Many measurement tools can give you a precise measurement, such as a digital scale or a digital thermometer. Other measurement tools have markings at regular intervals that allow you to estimate a measurement by determining the increments that have been marked off. For example, liquid measuring cups, sports bottles, and baby bottles have marks on the side of the container that allow you to measure the amount of liquid in the bottle. So, if a bottle is labeled at every four ounces or every 100 milliliters, and the contained liquid falls between two labeled points, it becomes important to figure out what amount the unlabeled tick marks represent. A ruler is another measuring tool that is not always labeled at every increment. In order to get an accurate measurement (for example, to the closest 1/8 of an inch) you must figure out what each mark indicates.
The CyberSquad is faced with a similar challenge when trying to read their thermometer, which is labeled at every ten cyber degrees. The liquid in the thermometer does not reach one of the labeled marks, so they must figure out the incremental increase of each mark in order to determine the temperature. This type of situation may arise in the science lab when measuring liquids. For example, measuring tools such as beakers, flasks, graduated cylinders, and test tubes may be accurate to the nearest milliliter, but perhaps only labeled every fifty milliliters. Suppose a beaker is marked in this way. To measure approximately two hundred and twenty-five milliliters of water, the water must reach a level halfway between the 200mL and 250mL marks. In this case, there are no other incremental markings, so it is necessary to estimate the measurement halfway between the two points.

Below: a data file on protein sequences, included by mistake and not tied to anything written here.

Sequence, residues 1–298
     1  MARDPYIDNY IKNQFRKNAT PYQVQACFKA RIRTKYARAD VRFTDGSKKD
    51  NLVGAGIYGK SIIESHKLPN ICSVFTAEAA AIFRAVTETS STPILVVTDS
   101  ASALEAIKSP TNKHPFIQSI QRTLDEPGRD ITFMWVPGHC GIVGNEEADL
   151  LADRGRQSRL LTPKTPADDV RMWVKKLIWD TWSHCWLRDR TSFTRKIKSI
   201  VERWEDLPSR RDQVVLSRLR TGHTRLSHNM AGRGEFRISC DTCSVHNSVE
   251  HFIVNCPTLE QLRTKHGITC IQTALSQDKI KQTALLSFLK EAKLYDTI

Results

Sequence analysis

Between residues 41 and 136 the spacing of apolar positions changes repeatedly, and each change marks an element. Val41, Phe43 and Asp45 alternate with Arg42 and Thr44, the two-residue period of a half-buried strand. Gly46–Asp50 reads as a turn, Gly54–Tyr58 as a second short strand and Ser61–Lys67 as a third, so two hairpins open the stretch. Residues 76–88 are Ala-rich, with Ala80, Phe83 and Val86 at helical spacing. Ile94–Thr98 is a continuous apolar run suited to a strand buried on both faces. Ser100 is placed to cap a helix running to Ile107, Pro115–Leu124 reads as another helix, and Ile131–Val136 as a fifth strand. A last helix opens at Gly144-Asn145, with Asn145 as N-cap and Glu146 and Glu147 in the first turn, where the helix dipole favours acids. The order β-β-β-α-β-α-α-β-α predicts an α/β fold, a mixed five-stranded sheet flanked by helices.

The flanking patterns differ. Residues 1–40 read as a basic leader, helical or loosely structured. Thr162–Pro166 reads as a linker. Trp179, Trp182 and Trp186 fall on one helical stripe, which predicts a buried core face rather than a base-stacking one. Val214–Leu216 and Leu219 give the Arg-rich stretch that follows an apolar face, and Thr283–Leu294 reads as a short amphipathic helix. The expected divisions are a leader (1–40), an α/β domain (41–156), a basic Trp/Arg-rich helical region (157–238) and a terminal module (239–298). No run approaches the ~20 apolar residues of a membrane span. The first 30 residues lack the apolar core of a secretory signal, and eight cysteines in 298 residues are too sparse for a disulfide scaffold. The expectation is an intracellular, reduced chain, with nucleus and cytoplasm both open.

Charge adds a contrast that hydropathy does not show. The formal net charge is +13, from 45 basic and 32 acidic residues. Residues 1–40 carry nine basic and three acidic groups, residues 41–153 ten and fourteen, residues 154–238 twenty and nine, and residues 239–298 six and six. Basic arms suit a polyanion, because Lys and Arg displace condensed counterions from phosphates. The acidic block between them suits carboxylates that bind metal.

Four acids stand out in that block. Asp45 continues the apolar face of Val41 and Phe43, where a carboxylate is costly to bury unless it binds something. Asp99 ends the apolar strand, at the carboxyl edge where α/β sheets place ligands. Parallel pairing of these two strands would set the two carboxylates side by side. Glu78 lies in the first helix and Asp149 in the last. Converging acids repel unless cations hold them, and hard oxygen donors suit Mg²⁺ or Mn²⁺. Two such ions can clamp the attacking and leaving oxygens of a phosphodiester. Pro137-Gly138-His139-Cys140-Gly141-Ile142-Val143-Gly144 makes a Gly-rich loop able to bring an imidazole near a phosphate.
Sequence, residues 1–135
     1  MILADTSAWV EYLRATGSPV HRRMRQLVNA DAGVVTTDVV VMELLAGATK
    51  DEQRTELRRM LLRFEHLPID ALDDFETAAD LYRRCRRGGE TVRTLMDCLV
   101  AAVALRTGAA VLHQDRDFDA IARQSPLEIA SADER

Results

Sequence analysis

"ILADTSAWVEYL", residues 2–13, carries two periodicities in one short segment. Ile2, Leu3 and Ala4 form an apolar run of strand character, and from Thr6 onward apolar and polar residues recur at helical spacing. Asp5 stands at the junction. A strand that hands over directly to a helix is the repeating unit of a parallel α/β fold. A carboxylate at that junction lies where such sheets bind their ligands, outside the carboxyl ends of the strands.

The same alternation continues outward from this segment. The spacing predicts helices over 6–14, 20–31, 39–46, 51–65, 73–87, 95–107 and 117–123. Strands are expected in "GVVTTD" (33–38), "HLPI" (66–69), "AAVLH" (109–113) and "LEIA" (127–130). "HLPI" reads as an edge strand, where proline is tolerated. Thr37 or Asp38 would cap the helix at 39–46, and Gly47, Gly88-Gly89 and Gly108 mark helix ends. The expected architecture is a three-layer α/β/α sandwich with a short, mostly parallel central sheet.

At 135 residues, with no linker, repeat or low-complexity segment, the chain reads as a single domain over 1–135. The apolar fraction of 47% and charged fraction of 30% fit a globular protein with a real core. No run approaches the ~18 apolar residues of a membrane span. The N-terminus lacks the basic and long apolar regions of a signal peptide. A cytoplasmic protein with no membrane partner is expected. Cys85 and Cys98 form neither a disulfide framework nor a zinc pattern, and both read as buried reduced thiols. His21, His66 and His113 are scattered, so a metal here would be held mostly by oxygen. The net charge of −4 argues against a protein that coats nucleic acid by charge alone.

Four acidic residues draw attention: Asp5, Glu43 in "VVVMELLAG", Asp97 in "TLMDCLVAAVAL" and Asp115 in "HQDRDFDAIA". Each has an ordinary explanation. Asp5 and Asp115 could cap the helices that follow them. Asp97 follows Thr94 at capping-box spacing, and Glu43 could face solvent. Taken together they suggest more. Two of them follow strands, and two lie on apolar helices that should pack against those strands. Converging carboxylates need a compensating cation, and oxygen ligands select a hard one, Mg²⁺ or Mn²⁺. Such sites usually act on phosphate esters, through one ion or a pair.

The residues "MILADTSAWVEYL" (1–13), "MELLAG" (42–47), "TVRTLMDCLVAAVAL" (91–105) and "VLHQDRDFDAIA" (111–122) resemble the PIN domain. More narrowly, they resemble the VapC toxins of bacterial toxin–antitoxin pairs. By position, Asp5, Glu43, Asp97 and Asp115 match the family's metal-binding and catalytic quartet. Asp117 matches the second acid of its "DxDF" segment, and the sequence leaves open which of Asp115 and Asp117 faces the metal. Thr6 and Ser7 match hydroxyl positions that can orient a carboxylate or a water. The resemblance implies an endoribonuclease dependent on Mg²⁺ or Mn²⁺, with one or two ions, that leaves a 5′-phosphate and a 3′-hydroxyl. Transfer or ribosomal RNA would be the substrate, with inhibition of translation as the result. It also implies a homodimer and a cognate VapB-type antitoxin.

Though they may not be precise, these tools are still useful when an approximate measurement is all that is needed. For example, a car speedometer may be marked every five miles per hour. A driver who wishes to remain under a speed limit of 65mph may glance at the speedometer and see that that the needle shows the speed is somewhere between 60 and 65 mph. This estimate is good enough for drivers to know that they are driving at a rate within the speed limit.
To see how meteorologists use weather instruments to forecast the weather, check out Kid Meteorologist QuickTime Video.